Mahāvīra (mathematician)

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Mahāvīra (or Mahaviracharya, "Mahavira the Teacher") was a 9th-century Jain mathematician from Mysore, India.[1][2][3] He was the author of Gaṇitasārasan̄graha (or Ganita Sara Samgraha, c. 850), which revised the Brāhmasphuṭasiddhānta.[1] He was patronised by the Rashtrakuta king Amoghavarsha.[4] He separated astrology from mathematics. It is the earliest Indian text entirely devoted to mathematics.[5] He expounded on the same subjects on which Aryabhata and Brahmagupta contended, but he expressed them more clearly. His work is a highly syncopated approach to algebra and the emphasis in much of his text is on developing the techniques necessary to solve algebraic problems.[6] He is highly respected among Indian mathematicians, because of his establishment of terminology for concepts such as equilateral, and isosceles triangle; rhombus; circle and semicircle.[7] Mahāvīra's eminence spread in all South India and his books proved inspirational to other mathematicians in Southern India.[8] It was translated into Telugu language by Pavuluri Mallana as Saar Sangraha Ganitam.[9]

He discovered algebraic identities like a3=a(a+b)(a-b) +b2(a-b) + b2.[3] He also found out the formula for nCr as [n(n-1)(n-2)...(n-r+1)]/r(r-1)(r-2)...2*1.[10] He devised formula which approximated area and perimeters of ellipses and found methods to calculate the square of a number and cube roots of a number.[11] He asserted that the square root of a negative number did not exist.[12]

Rules for decomposing fractions[edit]

Mahāvīra's Gaṇita-sāra-saṅgraha gave systematic rules for expressing a fraction as the sum of unit fractions.[13] This follows the use of unit fractions in Indian mathematics in the Vedic period, and the Śulba Sūtras' giving an approximation of √2 equivalent to 1 + \tfrac13 + \tfrac1{3\cdot4} - \tfrac1{3\cdot4\cdot34}.[13]

In the Gaṇita-sāra-saṅgraha (GSS), the second section of the chapter on arithmetic is named kalā-savarṇa-vyavahāra (lit. "the operation of the reduction of fractions"). In this, the bhāgajāti section (verses 55–98) gives rules for the following:[13]

  • To express 1 as the sum of n unit fractions (GSS kalāsavarṇa 75, examples in 76):[13]

rūpāṃśakarāśīnāṃ rūpādyās triguṇitā harāḥ kramaśaḥ /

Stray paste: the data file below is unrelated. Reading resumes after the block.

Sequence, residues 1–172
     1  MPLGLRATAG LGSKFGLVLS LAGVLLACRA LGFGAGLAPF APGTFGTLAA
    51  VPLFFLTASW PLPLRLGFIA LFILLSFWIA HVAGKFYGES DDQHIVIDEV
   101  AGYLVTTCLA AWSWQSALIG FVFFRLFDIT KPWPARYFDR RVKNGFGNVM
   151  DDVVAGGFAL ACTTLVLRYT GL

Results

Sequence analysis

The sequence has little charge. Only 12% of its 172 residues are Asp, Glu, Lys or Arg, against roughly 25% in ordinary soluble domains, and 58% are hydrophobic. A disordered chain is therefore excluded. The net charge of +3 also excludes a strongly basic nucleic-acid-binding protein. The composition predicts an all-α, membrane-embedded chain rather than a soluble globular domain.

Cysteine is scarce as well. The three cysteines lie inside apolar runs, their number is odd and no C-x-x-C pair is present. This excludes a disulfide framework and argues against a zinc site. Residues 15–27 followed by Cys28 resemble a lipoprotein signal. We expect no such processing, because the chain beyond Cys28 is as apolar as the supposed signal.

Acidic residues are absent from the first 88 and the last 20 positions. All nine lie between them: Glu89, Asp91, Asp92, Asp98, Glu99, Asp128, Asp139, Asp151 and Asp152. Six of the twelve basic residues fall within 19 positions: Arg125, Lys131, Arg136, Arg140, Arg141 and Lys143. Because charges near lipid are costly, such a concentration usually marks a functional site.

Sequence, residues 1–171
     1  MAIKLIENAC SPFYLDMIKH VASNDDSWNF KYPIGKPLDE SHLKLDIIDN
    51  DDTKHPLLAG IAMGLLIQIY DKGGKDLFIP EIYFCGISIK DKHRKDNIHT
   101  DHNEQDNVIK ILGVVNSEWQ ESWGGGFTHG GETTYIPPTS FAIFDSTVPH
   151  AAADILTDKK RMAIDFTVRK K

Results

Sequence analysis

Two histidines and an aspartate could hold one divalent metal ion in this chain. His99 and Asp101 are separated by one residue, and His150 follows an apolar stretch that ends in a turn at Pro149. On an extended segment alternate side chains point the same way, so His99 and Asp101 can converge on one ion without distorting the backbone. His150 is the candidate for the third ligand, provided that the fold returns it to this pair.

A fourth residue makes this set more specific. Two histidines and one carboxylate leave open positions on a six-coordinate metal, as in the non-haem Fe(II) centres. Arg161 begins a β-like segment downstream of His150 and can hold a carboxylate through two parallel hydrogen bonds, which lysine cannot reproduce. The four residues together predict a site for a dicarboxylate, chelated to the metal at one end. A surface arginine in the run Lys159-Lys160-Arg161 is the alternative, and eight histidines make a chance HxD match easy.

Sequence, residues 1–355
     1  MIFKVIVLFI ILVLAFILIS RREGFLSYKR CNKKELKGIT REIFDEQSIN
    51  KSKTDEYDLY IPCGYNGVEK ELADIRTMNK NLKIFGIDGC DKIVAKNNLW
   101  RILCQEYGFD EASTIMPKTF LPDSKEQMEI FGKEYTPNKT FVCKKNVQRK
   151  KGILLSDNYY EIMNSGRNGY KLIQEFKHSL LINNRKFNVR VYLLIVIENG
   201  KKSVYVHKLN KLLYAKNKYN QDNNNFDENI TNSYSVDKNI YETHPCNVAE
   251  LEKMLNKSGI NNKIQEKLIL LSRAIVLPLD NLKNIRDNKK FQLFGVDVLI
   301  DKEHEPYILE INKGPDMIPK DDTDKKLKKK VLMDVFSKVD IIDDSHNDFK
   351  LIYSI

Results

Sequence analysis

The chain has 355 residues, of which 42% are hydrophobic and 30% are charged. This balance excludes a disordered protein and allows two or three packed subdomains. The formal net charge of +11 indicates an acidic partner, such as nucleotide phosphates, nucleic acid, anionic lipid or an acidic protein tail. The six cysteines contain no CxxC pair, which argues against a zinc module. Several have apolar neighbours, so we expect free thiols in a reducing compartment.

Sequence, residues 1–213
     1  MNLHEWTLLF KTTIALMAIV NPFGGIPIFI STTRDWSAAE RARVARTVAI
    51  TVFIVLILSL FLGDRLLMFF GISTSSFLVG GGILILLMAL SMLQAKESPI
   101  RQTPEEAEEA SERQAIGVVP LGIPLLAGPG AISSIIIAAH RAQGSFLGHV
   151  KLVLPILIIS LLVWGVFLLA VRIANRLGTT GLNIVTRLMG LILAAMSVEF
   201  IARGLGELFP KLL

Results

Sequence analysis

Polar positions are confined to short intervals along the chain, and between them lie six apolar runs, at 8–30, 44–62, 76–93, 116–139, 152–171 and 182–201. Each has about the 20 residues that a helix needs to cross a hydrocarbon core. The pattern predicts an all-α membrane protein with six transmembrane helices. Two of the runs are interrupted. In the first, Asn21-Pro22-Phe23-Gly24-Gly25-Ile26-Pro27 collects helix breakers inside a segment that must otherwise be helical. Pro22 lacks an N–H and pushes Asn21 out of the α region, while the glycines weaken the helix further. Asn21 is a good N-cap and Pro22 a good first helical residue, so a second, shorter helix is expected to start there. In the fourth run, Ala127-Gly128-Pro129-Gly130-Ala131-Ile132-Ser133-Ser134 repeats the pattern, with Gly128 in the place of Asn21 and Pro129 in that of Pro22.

dvidvitryaṃśābhyastāv ādimacaramau phale rūpe //

When the result is one, the denominators of the quantities having one as numerators are [the numbers] beginning with one and multiplied by three, in order. The first and the last are multiplied by two and two-thirds [respectively].

 1 = \frac1{1 \cdot 2} + \frac1{3} + \frac1{3^2} + \dots + \frac1{3^{n-2}} + \frac1{\frac23 \cdot 3^{n-1}}
  • To express 1 as the sum of an odd number of unit fractions (GSS kalāsavarṇa 77):[13]
1 = \frac1{2\cdot 3 \cdot 1/2} + \frac1{3 \cdot 4 \cdot 1/2} + \dots + \frac1{(2n-1) \cdot 2n \cdot 1/2} + \frac1{2n \cdot 1/2}
  • To express a unit fraction 1/q as the sum of n other fractions with given numerators a_1, a_2, \dots, a_n (GSS kalāsavarṇa 78, examples in 79):
\frac1q = \frac{a_1}{q(q+a_1)} + \frac{a_2}{(q+a_1)(q+a_1+a_2)} + \dots + \frac{a_{n-1}}{q+a_1+\dots+a_{n-2})(q+a_1+\dots+a_{n-1})} + \frac{a_n}{a_n(q+a_1+\dots+a_{n-1})}
  • To express any fraction p/q as a sum of unit fractions (GSS kalāsavarṇa 80, examples in 81):[13]
Choose an integer i such that \tfrac{q+i}{p} is an integer r, then write
 \frac{p}{q} = \frac{1}{r} + \frac{i}{r \cdot q}
and repeat the process for the second term, recursively. (Note that if i is always chosen to be the smallest such integer, this is identical to the greedy algorithm for Egyptian fractions.)
  • To express a unit fraction as the sum of two other unit fractions (GSS kalāsavarṇa 85, example in 86):[13]
\frac1{n} = \frac1{p\cdot n} + \frac1{\frac{p\cdot n}{n-1}} where p is to be chosen such that \frac{p\cdot n}{n-1} is an integer (for which p must be a multiple of n-1).
\frac1{a\cdot b} = \frac1{a(a+b)} + \frac1{b(a+b)}
  • To express a fraction p/q as the sum of two other fractions with given numerators a and b (GSS kalāsavarṇa 87, example in 88):[13]
\frac{p}{q} = \frac{a}{\frac{ai+b}{p}\cdot\frac{q}{i}} + \frac{b}{\frac{ai+b}{p} \cdot \frac{q}{i} \cdot{i}} where i is to be chosen such that p divides ai + b

Some further rules were given in the Gaṇita-kaumudi of Nārāyaṇa in the 14th century.[13]

Notes[edit]

  1. ^ a b Pingree 1970.
  2. ^ O'Connor & Robertson 2000.
  3. ^ a b Tabak 2009, p. 42.
  4. ^ Puttaswamy 2012, p. 231.
  5. ^ The Math Book: From Pythagoras to the 57th Dimension, 250 Milestones in the ... by Clifford A. Pickover: page 88
  6. ^ Algebra: Sets, Symbols, and the Language of Thought by John Tabak: p.43
  7. ^ Geometry in Ancient and Medieval India by T. A. Sarasvati Amma: page 122
  8. ^ Hayashi 2013.
  9. ^ Census of the Exact Sciences in Sanskrit by David Pingree: page 388
  10. ^ Tabak 2009, p. 43.
  11. ^ Krebs 2004, p. 132.
  12. ^ Selin 2008, p. 1268.
  13. ^ a b c d e f g h i Kusuba 2004, pp. 497–516

References[edit]